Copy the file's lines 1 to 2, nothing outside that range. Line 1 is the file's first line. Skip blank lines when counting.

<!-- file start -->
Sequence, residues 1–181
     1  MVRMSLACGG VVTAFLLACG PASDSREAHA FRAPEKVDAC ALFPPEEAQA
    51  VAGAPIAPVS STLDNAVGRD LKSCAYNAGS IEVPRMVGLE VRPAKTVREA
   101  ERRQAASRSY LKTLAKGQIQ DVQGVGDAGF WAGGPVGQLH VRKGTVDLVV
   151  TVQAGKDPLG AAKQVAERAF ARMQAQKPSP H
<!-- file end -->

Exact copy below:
Sequence, residues 1–181
     1  MVRMSLACGG VVTAFLLACG PASDSREAHA FRAPEKVDAC ALFPPEEAQA